Since his signing in the summer of 2016, Lee Hodson has largely been the only cover for full-back spots, which can be a precarious situation with injury, suspension and loss of form a constant threat to any position.
Myles Beerman stepped into the side following Pedro Caixinha’s arrival and, save for one absolute horrorshow against Celtic in the 5-1 defeat at Ibrox, equipped himself very well for an 18-year-old. Although, having initially appeared eager to utilise the club’s academy products, Caixinha now seems to be leaning on experience more with the pressure intensifying on the Portuguese manager. Beerman hasn’t been seen in a Rangers jersey so far this season and that looks unlikely to change following John’s arrival.
With all due respect to Hodson, that’s all he is: cover. He’s a dependable enough deputy but he’s not shown much in his appearances in a Rangers shirt to date to suggest he’ll ever force his way into the starting XI. At a club like Rangers - or at least where Rangers want to be - back-up players should have the required quality to seriously push the starting player for his spot.
Having made 20 appearances in the English Premier League as an 18-year-old, which lead to him getting capped by Wales, John should have the ability to threaten Wallace’s place in the side, which is maybe what the Rangers captain needs at present. He’s had his moments this season, especially in an attacking sense against Motherwell and Ross County, but the paying audience has yet to see peak Wallace.
John talked of wanting to kick-start his career at Ibrox. However, from the player’s point of view, this is a curious loan move. He plays a position currently occupied by the Rangers captain. Traditionally, that’s the worst player in a squad to try and overthrow. You have to wonder if he’s been given assurances that he’ll definitely have the chance to play himself into a regular starting spot.
If so, it could mean a change of formation for Caixinha and Rangers. Bruno Alves and Fabio Cardoso aren’t going anywhere as the starting centre-back duo, but there could be room for another player to slide in alongside them, creating a back three. Wallace has filled in at the position for Rangers before, while there was a brief period earlier in his career where he excelled as an emergency centre-back for Hearts. His ability to drive forward with the ball from the left centre-back spot, with John starting at wing-back, could give this Rangers side an extra dimension.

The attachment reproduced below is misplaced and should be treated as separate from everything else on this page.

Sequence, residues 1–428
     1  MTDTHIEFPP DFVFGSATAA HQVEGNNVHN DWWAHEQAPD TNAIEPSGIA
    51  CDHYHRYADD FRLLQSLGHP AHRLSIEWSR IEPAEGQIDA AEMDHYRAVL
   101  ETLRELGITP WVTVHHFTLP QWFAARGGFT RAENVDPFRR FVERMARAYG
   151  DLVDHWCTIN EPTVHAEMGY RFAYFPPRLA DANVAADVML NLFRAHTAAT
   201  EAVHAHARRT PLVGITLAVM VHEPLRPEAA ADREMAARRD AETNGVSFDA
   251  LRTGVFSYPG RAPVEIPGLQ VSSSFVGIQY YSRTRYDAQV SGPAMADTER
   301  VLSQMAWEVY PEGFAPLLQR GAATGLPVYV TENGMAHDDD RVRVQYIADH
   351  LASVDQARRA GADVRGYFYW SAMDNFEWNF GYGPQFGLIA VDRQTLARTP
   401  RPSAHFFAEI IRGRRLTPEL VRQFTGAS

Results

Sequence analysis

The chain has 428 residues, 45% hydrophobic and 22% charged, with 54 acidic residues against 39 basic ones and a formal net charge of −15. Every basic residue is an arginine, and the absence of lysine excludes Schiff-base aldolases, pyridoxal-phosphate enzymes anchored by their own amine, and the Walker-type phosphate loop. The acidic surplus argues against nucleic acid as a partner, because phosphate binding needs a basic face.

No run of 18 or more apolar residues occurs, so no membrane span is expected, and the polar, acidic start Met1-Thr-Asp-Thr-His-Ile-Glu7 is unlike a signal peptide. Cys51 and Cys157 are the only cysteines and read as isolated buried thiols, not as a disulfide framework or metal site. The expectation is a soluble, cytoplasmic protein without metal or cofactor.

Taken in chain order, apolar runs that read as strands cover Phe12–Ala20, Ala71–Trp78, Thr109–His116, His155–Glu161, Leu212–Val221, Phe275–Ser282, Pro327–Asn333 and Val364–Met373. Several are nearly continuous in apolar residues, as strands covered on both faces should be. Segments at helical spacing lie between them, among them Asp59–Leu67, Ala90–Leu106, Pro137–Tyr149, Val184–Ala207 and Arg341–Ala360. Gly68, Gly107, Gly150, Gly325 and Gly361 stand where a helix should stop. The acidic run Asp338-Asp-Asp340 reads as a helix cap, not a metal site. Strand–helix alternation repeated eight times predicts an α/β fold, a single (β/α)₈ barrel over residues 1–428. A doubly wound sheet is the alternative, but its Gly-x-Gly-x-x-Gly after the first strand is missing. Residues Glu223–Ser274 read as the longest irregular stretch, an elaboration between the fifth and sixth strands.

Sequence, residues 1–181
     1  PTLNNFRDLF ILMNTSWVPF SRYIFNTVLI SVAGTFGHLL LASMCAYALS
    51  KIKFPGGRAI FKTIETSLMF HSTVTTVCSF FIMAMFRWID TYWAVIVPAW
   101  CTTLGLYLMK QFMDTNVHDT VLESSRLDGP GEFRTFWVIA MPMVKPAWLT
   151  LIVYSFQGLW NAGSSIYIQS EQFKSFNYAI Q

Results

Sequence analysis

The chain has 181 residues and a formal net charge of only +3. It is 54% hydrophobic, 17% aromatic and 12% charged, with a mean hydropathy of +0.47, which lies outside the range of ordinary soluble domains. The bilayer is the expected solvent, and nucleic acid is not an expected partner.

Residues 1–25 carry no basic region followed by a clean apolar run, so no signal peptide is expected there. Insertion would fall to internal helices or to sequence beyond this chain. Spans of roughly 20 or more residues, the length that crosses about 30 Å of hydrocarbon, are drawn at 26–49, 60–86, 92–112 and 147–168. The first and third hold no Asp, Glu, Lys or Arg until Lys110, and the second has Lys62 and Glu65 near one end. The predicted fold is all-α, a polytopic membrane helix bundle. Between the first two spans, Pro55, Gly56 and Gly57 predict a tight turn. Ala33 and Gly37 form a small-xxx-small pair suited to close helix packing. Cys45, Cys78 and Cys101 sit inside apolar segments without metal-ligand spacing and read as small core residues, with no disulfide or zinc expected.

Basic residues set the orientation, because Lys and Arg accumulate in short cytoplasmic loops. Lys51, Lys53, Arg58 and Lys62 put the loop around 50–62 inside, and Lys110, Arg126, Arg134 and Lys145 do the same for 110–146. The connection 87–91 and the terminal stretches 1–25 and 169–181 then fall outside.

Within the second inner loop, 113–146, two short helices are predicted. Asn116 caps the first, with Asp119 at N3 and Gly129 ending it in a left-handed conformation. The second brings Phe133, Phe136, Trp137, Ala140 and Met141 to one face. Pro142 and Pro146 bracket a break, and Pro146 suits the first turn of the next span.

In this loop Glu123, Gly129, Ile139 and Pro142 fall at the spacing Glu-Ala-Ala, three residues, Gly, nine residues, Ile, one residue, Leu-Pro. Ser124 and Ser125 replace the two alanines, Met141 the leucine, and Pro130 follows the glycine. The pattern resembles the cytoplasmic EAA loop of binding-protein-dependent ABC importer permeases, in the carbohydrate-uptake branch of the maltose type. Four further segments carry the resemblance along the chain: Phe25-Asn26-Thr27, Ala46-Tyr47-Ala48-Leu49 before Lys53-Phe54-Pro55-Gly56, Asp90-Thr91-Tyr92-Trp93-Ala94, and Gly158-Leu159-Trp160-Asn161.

Caixinha is still trying to find out his best XI and you have to wonder if the 4-4-2 he’s been using in the league so far is the long-term solution. The aforementioned centre-back partnership, which is strong, is continually exposed by the attacking nature of the full-backs. Usually the defensive midfielders would tuck in to protect, but Ryan Jack and Graham Dorrans are asked to be No.8s contributing to both attack and defence, and the work load is too much for them to constantly cover for Tavernier and Wallace. Then there’s the Niko Kranjcar question, as it’s clear the languid playmaker cannot operate in a four-man midfield, where energy and work rate are vital factors.
A 3-5-2 may solve such issues, while allowing the team to keep the two-man strike-partnership which is bringing the best out of Alfredo Morelos.
Cover (part two)
As an attacking full-back/wing-back, it may not be outwith the realms of possibility to see John deputising for Josh Windass at left midifeld if Caixinha sticks with the 4-4-2. As mentioned, Kranjcar was not the answer there against Ross County, and there’s doubts of whether it’s the optimum position for Carlos Pena. With Aaron Nemane likely to be used predominately in the Development Squad, and Dalcio having fallen down the pecking order after some dreadful performances against Progres Niederkorn, it leaves a lack of quality depth behind Windass, who himself is still to win over the trust of Rangers fans following an indifferent first season at Ibrox.